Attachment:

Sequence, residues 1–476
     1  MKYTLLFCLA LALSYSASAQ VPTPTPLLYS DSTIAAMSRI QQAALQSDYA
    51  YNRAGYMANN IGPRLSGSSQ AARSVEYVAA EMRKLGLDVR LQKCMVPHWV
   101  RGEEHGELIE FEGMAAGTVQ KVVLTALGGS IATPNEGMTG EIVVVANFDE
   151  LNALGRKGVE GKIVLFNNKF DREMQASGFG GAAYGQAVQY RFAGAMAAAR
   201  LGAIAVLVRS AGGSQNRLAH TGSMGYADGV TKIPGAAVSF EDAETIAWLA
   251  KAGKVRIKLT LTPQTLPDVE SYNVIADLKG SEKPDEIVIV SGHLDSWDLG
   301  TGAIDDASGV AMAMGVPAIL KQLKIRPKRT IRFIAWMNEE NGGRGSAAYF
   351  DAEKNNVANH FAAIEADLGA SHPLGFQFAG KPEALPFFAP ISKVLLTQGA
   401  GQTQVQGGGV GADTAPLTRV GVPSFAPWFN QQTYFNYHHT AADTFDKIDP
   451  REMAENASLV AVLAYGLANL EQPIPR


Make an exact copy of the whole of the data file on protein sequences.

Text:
Sequence, residues 1–476
     1  MKYTLLFCLA LALSYSASAQ VPTPTPLLYS DSTIAAMSRI QQAALQSDYA
    51  YNRAGYMANN IGPRLSGSSQ AARSVEYVAA EMRKLGLDVR LQKCMVPHWV
   101  RGEEHGELIE FEGMAAGTVQ KVVLTALGGS IATPNEGMTG EIVVVANFDE
   151  LNALGRKGVE GKIVLFNNKF DREMQASGFG GAAYGQAVQY RFAGAMAAAR
   201  LGAIAVLVRS AGGSQNRLAH TGSMGYADGV TKIPGAAVSF EDAETIAWLA
   251  KAGKVRIKLT LTPQTLPDVE SYNVIADLKG SEKPDEIVIV SGHLDSWDLG
   301  TGAIDDASGV AMAMGVPAIL KQLKIRPKRT IRFIAWMNEE NGGRGSAAYF
   351  DAEKNNVANH FAAIEADLGA SHPLGFQFAG KPEALPFFAP ISKVLLTQGA
   401  GQTQVQGGGV GADTAPLTRV GVPSFAPWFN QQTYFNYHHT AADTFDKIDP
   451  REMAENASLV AVLAYGLANL EQPIPR